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The John Deere Gator is the official offhighway vehicle of the Farm Progress Show  and Husker Harvest Days  and vehicles are assigned to Penton Agriculture Team members
<p>The John Deere Gator is the official off-highway vehicle of the Farm Progress Show - and Husker Harvest Days - and vehicles are assigned to Penton Agriculture Team members.</p>

Time to move on, what a great week

Note: This is the fifth and final daily blog during the 2015 Farm Progress Show. You can check out all the other installments from this week using the related links at the end of this installment. Thanks for reading.

Correction: When originally published we mistated the size of the business at Farmlogs, this has been corrected below.

I've got this step counter that came as a new app when I updated my iPhone awhile back (got a new iPhone last week, but that's for another blog) and I've started using it to keep track of my daily activity.

Being part of the Penton Agriculture team can have its perks, as the boss, this is one, but this machine gets used by the content team to get good photos, and information.

Yes I shared that I have a gator with my name on it (you can see the image here) but frankly for Day 1 and Day 2 of the show I don't use it - that's for the content team here at Penton Ag to get out to the field demos and get photos. And with the big crowds we had this year at the show, I could move faster walking rather than skirting around visitors.

So I walk.

And while I do use the Gator on Thursday, for Day 1 and Day 2 of the 2015 Farm Progress Show I counted more than 12,000 steps each day. Not bad with a briefcase backpack. But what did I get to see for all that walking, plenty, and I'm still processing. But to start, here five initial thoughts on what I saw after three days at the Farm Progress Show.

Heat does not deter visitors. Show attendance was solid for all three days. I don't look at visitor stats, but from going to this show for more than 20 years, I saw good crowds based on history for all three days - Wednesday remains the biggest day.

Farmers are looking to upgrade. While equipment sales are soft, talk from a few exhibitors was that you're looking to upgrade your machines. For example Danea Armstrong, president of Norac, the auto-boom height company now owned by Topcon, noted that their after-market business was running strong in 2015. Think about it, you have a sprayer and instead of buying a new machine a simple upgrade like auto-boom height control can give you new functionality and efficiency for less.

With the combine head upgrades we're seeing I think the same may be true in harvest tools as well. Agco launched the new Command corn head (more details to come) which comes in 8- and 12-row models, and is also the first from that company to offer a chopper version. The new head will work with Gleaner, Massey Ferguson and Challenger combines and has a host of other features farmers may like. New head equals enhanced combine performance - upgrades offer potential.

Folding is good. A corollary to the "upgrade" approach is innovation designed to improve productivity. Two years ago Case IH and New Holland rolled out 12-row folding corn heads. You know the extra cost can be made up in the time and labor saved for moving a higher capacity combine down the road. Removing a corn head, and dragging it along is a time waster. Two minutes to fold up the head and move on to the next field makes more sense. John Deere announced its folding 12-row model for 2016, Case IH is adding an 8-row folder for smaller combines (all farms benefit from productivity improvements) for 2016 too.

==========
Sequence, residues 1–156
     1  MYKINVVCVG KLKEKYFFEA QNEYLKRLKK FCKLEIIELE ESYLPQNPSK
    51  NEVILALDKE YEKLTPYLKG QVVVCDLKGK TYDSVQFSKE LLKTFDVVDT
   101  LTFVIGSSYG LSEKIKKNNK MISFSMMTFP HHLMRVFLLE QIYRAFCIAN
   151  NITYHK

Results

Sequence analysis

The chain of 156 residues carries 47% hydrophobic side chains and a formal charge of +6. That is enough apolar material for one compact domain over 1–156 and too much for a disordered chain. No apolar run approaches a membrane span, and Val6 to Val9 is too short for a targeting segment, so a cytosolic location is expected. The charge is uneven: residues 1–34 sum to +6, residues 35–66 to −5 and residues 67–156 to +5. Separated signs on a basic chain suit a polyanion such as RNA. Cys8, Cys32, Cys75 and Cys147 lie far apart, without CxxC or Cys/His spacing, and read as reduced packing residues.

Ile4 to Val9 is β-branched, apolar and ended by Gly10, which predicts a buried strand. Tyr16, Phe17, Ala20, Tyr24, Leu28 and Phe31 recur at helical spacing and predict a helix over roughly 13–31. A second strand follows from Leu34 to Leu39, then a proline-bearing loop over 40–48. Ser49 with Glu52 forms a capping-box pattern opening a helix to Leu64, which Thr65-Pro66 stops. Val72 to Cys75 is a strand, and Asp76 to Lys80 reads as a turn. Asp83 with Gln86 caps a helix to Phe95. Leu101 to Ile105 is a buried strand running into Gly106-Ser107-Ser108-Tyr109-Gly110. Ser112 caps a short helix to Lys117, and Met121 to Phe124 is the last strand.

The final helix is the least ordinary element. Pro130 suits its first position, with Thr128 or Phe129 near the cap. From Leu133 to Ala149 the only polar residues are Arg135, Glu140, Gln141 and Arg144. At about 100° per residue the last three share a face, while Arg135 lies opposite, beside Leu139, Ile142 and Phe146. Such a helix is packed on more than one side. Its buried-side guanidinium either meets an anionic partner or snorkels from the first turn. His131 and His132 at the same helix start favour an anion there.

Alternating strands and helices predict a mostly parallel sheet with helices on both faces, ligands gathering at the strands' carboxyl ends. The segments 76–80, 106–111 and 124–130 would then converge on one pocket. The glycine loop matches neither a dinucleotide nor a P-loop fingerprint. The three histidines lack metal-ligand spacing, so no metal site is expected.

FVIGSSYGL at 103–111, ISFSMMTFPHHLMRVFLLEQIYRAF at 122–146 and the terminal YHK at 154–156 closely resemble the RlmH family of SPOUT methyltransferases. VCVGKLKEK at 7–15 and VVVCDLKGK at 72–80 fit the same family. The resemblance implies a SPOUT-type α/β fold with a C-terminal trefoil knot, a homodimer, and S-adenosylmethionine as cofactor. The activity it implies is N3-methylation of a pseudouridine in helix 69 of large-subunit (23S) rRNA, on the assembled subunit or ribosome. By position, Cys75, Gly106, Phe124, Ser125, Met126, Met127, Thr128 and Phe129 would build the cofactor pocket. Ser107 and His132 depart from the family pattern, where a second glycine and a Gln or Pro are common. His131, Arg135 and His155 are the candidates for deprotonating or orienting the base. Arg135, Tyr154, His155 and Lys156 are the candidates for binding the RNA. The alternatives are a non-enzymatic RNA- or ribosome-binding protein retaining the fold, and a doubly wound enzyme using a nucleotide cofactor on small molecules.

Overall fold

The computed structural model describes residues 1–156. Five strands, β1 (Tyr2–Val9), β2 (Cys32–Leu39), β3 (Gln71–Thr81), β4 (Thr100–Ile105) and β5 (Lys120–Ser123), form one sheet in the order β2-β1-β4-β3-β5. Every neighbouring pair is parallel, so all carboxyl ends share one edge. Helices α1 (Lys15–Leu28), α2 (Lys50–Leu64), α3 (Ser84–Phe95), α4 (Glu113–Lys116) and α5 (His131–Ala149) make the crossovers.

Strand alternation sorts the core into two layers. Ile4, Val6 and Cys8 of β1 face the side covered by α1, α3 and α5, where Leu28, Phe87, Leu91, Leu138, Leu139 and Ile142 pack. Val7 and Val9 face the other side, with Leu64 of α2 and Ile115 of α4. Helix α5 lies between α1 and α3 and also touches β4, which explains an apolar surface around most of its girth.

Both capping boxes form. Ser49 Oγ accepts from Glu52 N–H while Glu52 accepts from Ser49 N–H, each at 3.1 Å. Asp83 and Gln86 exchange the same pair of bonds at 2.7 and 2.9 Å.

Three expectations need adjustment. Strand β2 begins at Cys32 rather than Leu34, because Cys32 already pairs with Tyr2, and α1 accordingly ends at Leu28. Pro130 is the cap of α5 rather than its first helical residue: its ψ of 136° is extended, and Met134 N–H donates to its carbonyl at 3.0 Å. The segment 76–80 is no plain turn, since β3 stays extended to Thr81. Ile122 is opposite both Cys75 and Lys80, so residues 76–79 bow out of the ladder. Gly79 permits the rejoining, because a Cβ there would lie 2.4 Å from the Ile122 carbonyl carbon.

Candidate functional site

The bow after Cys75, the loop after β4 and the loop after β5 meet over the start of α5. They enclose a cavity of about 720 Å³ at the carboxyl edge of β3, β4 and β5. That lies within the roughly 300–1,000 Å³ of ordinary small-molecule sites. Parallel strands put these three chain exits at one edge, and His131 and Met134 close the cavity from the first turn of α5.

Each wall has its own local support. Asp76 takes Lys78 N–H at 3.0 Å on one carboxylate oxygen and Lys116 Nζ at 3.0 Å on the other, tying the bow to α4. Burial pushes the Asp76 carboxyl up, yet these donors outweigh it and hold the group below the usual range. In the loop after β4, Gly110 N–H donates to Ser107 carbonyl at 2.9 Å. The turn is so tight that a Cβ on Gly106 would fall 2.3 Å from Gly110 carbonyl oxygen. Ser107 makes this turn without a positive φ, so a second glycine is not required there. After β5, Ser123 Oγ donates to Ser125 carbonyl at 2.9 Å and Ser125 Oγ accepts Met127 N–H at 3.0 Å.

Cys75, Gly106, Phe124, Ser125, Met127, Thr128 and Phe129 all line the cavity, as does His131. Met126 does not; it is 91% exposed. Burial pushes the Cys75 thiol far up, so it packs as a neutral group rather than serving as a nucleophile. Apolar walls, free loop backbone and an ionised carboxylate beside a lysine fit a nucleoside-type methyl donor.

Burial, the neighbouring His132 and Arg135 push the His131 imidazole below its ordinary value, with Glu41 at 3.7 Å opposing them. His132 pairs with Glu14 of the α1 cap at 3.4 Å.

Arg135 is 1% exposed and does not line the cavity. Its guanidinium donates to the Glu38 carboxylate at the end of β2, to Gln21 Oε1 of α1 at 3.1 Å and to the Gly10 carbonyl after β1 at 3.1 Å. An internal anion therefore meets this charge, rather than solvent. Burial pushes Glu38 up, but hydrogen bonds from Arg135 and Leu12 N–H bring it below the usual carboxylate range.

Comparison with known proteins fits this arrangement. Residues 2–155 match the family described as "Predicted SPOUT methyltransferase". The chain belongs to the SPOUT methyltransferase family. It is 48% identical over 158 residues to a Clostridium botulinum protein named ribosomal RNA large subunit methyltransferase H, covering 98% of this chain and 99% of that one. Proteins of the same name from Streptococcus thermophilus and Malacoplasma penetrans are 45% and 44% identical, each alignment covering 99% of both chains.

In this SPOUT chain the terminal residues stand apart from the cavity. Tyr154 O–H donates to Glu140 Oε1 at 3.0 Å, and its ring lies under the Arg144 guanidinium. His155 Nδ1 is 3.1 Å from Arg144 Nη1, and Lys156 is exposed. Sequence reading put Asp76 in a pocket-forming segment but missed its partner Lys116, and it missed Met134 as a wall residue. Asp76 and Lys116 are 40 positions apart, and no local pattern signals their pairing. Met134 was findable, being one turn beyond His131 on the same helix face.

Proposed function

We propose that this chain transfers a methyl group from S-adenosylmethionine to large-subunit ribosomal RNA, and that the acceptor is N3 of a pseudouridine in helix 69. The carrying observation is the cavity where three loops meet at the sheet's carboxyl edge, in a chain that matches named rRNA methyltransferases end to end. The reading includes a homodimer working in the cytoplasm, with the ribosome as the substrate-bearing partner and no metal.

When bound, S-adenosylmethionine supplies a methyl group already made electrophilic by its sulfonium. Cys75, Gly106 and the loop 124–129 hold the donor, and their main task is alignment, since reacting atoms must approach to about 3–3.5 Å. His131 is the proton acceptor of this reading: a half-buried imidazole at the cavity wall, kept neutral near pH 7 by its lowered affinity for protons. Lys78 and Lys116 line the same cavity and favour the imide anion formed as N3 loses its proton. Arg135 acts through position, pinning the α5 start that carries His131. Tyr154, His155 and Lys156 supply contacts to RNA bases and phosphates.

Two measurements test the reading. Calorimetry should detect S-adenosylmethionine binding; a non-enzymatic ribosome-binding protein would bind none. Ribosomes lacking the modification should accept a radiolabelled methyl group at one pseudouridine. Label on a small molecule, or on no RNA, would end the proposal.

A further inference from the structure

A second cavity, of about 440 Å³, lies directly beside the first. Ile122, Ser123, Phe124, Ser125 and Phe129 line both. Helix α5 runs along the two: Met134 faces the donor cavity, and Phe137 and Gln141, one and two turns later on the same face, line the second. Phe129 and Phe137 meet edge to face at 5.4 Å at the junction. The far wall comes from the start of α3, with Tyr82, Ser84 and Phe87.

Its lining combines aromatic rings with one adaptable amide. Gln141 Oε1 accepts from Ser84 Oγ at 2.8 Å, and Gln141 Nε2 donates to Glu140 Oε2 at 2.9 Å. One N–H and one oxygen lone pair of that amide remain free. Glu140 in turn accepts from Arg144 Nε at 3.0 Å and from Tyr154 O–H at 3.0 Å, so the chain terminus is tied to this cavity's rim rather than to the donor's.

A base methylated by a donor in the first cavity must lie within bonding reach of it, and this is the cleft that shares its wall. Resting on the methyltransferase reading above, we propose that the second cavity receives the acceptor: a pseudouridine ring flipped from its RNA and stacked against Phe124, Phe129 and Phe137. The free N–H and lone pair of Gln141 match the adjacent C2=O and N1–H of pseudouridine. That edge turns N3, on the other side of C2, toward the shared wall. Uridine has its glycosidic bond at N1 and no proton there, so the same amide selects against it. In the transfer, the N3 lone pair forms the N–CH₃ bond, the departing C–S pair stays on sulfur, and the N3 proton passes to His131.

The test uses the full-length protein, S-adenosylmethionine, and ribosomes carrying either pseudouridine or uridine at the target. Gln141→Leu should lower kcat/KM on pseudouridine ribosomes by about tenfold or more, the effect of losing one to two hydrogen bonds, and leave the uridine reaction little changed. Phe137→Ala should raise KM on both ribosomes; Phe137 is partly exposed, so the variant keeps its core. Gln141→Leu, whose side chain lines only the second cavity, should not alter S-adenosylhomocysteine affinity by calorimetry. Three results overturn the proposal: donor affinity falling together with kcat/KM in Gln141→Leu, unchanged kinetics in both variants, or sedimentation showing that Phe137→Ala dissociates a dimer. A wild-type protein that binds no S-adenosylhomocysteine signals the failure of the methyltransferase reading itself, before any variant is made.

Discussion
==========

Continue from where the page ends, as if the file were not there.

But folding is a big deal for any machine, especially as the authorities who govern the roads you need for transport from field to field tighten up their rules. Just say "implements of husbandry" to someone from Wisconsin. Yet engineers are doing their best to narrow the travel width of the machines you buy. For example, Unverferth's new Nutrimax fertilizer machine folds darn narrow, and just watching it work was fun. You can see a video of the fold-up on our Facebook page.

As we left the show site at the close of the event, we marveled at how narrow a Kinze planter can fold. Engineers are figuring it out.

Even in soft year, you like kicking tires (tracks?) Looking at machinery sales you'd think farmers would stay home. Truth is big farm shows are about far more than just big iron. The technology and tools you need to have on your farm are key and we got a good look at those too. Jesse Vollmar, CEO and cofounder of FarmLogs tells us that 80,000 farms now use the data firm's services.

Over at Trimble, Mike Martinez, who drives marketing for the company, notes that his company saw a jump in data storage as more farmers bring their latest tools on stream. You have data, you want to not only store it but put it to work. It's an area that's getting more traction as data firms turn out new tools for you to maximize your on-farm information.

Oh, and we all like looking at new iron. Heck we even got a look at the commercial version - we've been looking at prototypes for some time - of the Kinze multi-hybrid planter. And while talking with them this week we learned that they already have the engineering in place to go beyond a two-hybrid system - in case that makes economic sense. For now, the twin hybrid planter costs just 15% more than the conventional version of the firm's electric meter setup, that’s a case of turning data into profit since seed companies that experiment with the concept have all seen yield bumps.

Yes I could go on, and I will with future reports on individual companies and their technologies online in the coming days. Check back often.

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TAGS: Technology
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